MASH (90 min)15 L Water (65-68˚C)
6 lbs Canadian Superior Pilsen (1.4-1.9°L)
2 lbs Wheat (1.5-2.5°L)
1 lb Toasted Wheat (425°L)
1 lb Crystal Medium (75°L)
BOIL (60 min)60 min - 1 oz Warrior Hops (13.7% alpha)
5 min - 1/3 oz Sweet Orange Peel; 1.5 tsp Coriander Seed; 0.5 oz Falconer's Flight Hops (10.5% alpha)
1 min - 1.5 oz Falconer's Flight; 0.5 oz Cascade Hops (5% alpha)
0.5 lb Wheat Dry Malt Extract
PITCHWyeast 1332 (Northwest Ale)
Original Gravity: 1.047
Final Gravity (30 days later): 1.006
Winter Ale (Sciukas All Night Long)
MASH (90 min)15 L Water (63-66˚C)
10 lbs Canadian 2-Row (2°L)
2 lbs Light Crystal Malt (45°L)
Sparge: 16L 67˚C (it should have been 75.5˚C to mash out)
BOIL (60 min)
60 min - 1.5 oz Cascade Hops (5% alpha)
6 min - 2/3 oz Sweet Orange Peel; 1 oz Ginger Root; 2 Cinnamon Sticks; 1 oz Caraway Seed; 0.2 oz Whole Clove
3 min - 1 oz Tetinang Hops (4.9% alpha)
1 lb Honey
Wyeast 1388 (Belgian Strong Ale)
Original Gravity: 1.052
Final Gravity (30 days later): 1.001
The entire process for two 5-gallon batches - cleaning, heating water, racking, bringing to boil, racking, cooling, cleaning - took 5 hours. I had to take my son to the dentist in the early afternoon and help make supper, so I started early in the morning.
Both brews turned out quite well. I have several litres of the winter ale ready for Christmas holidays and I have been enjoying some in the fall too. Now that I have read about the chemistry and enzyme reactions that occur during the mash, I think I could have made even better beer had I played with a few different temperatures and stuck with very light SRM grains for the IPA to give it a lighter colour and taste.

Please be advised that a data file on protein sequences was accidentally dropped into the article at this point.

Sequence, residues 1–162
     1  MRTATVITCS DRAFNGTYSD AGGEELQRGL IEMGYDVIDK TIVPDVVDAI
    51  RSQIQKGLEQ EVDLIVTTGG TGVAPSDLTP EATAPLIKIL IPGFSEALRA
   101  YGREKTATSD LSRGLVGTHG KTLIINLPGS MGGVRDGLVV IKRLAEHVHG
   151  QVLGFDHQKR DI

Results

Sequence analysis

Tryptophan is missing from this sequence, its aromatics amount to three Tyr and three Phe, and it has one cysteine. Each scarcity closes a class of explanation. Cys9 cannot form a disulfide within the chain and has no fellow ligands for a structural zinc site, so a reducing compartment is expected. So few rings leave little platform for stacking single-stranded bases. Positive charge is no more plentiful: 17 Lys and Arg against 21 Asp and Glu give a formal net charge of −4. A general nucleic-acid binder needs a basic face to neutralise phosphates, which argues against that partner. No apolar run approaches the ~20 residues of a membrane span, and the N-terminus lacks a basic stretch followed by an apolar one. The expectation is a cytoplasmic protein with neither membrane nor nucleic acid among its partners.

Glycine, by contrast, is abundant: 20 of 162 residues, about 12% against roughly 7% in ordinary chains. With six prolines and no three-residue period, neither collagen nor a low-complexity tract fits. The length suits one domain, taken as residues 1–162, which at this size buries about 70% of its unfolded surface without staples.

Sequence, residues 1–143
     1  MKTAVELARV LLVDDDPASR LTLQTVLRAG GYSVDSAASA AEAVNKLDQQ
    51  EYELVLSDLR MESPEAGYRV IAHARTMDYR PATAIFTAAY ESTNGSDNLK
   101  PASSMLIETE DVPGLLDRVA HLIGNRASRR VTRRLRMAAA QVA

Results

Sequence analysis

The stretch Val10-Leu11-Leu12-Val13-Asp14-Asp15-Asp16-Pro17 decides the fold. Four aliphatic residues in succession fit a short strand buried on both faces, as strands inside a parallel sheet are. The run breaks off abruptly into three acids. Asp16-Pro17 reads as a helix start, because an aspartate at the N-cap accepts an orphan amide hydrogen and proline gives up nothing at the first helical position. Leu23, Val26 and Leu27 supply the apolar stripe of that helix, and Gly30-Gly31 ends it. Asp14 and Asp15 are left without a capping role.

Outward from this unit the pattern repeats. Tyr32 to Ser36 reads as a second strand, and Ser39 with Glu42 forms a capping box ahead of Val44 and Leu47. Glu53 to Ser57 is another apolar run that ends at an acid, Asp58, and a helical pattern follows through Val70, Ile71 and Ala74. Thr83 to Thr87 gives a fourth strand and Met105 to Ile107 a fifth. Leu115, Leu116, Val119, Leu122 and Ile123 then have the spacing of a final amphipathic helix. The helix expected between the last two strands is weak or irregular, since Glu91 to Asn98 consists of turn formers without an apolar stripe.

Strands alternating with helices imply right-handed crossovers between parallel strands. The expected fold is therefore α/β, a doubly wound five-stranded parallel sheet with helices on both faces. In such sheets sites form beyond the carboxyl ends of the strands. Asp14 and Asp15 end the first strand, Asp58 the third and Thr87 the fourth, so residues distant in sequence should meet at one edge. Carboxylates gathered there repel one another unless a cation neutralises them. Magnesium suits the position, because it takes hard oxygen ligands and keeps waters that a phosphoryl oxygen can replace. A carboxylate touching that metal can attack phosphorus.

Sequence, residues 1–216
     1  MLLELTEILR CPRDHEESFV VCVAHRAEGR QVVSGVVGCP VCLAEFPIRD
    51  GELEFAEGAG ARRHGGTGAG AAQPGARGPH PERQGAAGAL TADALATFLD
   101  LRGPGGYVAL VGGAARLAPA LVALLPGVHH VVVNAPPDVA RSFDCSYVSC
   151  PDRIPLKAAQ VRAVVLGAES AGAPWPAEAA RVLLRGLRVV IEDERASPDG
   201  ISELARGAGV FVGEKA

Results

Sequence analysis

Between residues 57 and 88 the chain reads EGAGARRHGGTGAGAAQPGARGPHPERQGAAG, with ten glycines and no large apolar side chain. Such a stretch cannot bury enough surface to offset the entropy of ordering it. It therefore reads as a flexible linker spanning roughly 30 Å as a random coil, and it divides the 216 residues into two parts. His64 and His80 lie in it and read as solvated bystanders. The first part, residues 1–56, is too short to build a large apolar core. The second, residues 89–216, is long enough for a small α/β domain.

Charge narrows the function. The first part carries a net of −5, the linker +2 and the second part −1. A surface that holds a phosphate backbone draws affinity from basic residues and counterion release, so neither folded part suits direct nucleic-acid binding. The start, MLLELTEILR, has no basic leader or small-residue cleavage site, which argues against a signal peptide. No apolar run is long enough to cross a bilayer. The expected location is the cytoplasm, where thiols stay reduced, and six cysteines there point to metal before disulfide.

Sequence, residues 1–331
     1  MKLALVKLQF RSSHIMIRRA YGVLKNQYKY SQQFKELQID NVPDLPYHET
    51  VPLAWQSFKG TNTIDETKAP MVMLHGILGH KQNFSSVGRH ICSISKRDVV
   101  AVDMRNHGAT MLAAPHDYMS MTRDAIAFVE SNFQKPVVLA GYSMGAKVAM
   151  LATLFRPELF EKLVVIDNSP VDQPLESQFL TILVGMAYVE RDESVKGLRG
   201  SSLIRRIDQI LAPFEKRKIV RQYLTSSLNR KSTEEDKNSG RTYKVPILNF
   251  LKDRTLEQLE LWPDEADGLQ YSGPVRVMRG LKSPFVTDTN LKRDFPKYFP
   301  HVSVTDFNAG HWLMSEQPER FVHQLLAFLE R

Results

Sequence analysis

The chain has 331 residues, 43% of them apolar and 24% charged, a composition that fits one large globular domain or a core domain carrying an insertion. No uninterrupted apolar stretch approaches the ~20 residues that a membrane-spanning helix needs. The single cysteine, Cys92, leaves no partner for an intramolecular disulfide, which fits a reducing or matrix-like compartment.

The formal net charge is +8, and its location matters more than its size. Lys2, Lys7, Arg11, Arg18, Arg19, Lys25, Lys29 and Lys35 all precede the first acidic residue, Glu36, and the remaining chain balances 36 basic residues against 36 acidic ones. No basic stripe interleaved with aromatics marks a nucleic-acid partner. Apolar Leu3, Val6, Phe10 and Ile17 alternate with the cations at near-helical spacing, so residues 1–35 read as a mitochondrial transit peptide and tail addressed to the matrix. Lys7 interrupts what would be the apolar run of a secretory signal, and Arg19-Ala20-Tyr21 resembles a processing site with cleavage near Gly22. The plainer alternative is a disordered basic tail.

On October 9 we celebrated Sukkōt, a biblical feast commemorating the time the Israelites spent in the wilderness. My father and his wife have been observing what are traditionally Jewish holy days for a few years now. They were visiting us in Calgary when the Feast of Tabernacles began so my father rigged up a temporary tabernacle or booth or tent in the back yard and his wife prepared a terrific feast for our entire household.
You could say that Christians are living in the wilderness now - the time between the exodus (freedom) and promised land (fulfilment of the promise of the new earth). Setting aside time each year to remember this was God's intent for His people.
We feasted on kabobs, pumpkin hummus, olives, tabouli, grapes and wine.
While it cooled down substantially at sunset, we hung out for another and enjoyed more wine and laughter.